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India, a land of alluring wildlife experiences

There is something about watching animals interacting in their natural environment, their hunting, feeding, playing and caring, that appeals to everyone’s basic instincts. It could be the novelty or curiosity that impels us to experience wildlife in its raw surroundings, or perhaps, witnessing the primordial nature of these wildlife interactivities strikes a chord on the strings of our evolutionary roots. No matter what the reason is, there is no denying that wildlife experiences are truly exciting, allowing us to get in touch with nature and take a break from the concrete jungle that engulfs us.

With so many wildlife vacations on offer in so many wonderful locations it is often difficult for a traveler to narrow down the choices to just one country or place.

India is blessed in that it has an abundance of spectacular ecological, topographic, climatic and geographic variations across the country that are made even more attractive by the diversity of its wildlife, and wildlife experiencing opportunities, bundled within its borders.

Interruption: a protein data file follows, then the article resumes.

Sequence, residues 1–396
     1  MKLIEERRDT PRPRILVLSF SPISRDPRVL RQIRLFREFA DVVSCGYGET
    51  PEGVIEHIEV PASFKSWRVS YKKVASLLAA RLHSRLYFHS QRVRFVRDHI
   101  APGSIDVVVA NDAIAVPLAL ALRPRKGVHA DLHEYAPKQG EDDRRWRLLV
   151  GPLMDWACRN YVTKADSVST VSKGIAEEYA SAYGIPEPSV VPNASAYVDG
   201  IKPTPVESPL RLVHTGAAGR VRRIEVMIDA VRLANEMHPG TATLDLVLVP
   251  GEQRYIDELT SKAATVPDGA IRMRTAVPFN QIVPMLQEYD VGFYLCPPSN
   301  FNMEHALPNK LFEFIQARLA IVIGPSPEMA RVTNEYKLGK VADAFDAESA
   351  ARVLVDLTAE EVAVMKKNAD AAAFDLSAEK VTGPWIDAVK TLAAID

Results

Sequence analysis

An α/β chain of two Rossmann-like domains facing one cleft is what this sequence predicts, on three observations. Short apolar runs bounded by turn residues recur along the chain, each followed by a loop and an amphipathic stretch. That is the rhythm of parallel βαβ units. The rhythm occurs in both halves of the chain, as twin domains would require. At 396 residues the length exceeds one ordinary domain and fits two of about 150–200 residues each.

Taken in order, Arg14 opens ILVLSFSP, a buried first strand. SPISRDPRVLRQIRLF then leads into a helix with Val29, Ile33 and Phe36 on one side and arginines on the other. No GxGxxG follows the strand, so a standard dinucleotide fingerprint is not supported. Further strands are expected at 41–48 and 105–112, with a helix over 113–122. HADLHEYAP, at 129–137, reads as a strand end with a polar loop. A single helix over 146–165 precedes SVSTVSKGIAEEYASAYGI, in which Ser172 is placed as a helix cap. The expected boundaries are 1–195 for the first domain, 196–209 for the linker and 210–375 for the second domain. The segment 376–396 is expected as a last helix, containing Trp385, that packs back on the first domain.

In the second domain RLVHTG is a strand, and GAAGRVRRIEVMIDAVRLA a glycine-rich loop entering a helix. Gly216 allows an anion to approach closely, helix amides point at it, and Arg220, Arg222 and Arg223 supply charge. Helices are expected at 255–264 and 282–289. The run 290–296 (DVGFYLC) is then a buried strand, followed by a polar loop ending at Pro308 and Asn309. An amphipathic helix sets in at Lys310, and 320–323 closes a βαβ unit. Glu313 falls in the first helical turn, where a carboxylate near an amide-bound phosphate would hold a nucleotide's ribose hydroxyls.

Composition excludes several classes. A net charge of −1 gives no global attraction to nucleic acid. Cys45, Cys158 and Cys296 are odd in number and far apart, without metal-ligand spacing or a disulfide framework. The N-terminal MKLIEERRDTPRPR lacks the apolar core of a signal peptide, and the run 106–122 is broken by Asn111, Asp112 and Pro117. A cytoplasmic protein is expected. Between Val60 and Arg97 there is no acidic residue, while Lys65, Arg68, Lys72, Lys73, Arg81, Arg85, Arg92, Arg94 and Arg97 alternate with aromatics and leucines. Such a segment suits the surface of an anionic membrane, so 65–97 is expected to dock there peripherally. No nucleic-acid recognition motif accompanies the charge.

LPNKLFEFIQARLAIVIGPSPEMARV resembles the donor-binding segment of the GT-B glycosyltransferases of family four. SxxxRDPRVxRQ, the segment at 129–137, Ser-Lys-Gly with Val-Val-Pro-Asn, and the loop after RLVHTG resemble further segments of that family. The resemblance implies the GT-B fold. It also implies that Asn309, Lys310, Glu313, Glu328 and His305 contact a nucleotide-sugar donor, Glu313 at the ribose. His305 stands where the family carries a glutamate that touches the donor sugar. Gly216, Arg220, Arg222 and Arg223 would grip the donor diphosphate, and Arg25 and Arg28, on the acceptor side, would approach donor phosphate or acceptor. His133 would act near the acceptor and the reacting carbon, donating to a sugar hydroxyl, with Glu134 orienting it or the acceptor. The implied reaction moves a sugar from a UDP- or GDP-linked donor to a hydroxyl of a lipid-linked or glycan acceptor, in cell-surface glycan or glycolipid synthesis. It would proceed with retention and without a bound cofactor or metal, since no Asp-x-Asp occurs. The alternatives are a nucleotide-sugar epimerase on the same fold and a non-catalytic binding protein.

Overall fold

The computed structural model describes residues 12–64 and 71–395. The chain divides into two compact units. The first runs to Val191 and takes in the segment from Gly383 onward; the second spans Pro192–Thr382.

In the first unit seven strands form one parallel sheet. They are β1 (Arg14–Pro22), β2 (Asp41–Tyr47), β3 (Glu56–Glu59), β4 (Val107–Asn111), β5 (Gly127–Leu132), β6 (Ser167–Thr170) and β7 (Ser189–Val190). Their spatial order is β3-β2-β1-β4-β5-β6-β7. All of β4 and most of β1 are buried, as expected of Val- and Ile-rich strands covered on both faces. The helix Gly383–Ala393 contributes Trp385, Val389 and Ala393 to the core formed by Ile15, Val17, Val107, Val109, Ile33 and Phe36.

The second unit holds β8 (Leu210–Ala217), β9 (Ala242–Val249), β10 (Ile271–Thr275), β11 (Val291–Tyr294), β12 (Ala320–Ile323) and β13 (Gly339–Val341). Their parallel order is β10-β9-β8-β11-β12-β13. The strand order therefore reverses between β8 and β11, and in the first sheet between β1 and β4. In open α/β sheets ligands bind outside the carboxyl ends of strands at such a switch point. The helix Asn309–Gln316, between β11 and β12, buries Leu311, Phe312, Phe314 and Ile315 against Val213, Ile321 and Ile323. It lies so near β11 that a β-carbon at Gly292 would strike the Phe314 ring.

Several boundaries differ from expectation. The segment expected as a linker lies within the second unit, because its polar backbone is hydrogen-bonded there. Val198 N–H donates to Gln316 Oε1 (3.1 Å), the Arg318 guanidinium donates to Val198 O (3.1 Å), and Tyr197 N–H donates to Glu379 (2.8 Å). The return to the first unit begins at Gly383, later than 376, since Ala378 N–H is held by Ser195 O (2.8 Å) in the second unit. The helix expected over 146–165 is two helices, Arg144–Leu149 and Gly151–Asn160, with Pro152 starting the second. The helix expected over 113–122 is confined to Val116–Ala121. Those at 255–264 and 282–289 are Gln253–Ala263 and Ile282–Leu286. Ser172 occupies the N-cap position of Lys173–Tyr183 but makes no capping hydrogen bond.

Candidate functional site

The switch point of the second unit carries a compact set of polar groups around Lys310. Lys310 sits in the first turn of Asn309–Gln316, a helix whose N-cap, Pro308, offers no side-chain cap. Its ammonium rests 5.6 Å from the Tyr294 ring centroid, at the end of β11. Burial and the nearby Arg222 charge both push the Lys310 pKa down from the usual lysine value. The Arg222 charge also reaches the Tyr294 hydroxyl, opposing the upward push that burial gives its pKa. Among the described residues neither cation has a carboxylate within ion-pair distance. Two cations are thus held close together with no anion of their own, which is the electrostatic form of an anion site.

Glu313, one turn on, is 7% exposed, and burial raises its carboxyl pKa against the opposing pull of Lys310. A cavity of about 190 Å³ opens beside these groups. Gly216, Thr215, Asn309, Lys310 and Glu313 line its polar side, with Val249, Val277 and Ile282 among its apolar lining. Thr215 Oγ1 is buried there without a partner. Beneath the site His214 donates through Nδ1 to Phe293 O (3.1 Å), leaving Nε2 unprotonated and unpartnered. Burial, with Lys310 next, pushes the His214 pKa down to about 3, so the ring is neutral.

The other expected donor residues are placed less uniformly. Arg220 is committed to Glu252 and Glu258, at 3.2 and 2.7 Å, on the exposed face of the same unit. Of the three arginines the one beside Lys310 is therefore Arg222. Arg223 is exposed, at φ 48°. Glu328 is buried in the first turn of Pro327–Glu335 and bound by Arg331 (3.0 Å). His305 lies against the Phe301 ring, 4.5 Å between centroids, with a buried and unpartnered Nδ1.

Whether you have two weeks to spare or two days, there is a wildlife vacation to suit you. From endangered species of wildlife to ones that have been rehabilitated in their natural ecosystems, from lumbering elephants to fleet-footed cheetahs, and on to tiny endemic species of amphibians, mammals and birds, India offers you the opportunity to see them all.

The country’s rich diversity in natural forests and sprawling parklands hosting a multitude of wildlife species makes India a magnet for tourists looking for adventure and for exploring unspoiled natural beauty in an eco-friendly tourism mode.

Wildlife abodes abound in India and span from the lofty Himalayan ranges down to the plains and coastlines. The diversity of wildlife experiences in India are amazing and its uniqueness can only be experienced.

Great Himalayan National Park, Himachal Pradesh: Declared a UNESCO World Heritage Site for its outstanding biodiversity in 2014, this beautiful national park is more a space to enjoy nature than chase after animals.

A place of stunning natural beauty, with misty mountains and silvery rivers, the higher reaches of the park (accessed by trekking) are home to the Himalayan brown bear, Himalayan tahr (wild goat), bharal (blue sheep) and other magnificent mountain animals. You can also spot birds like the Himalayan griffon vulture, the huge golden eagle and Himachal’s state bird, the western tragopan.

Jim Corbett National Park, Uttarakhand: The country’s oldest national park, Corbett has always been a favorite weekend getaway from Delhi – and a popular destination for family holidays. Jim Corbett’s forest is steeped in history and locals will tell you amusing tales about the legendary figure Carpet Sahib. The sightings of elephants, wild boars and tigers are fascinating. Take a safari or sit on the forest’s edge, inside your luxury retreat, having a fine meal and enjoying the therapeutic sounds of the jungle.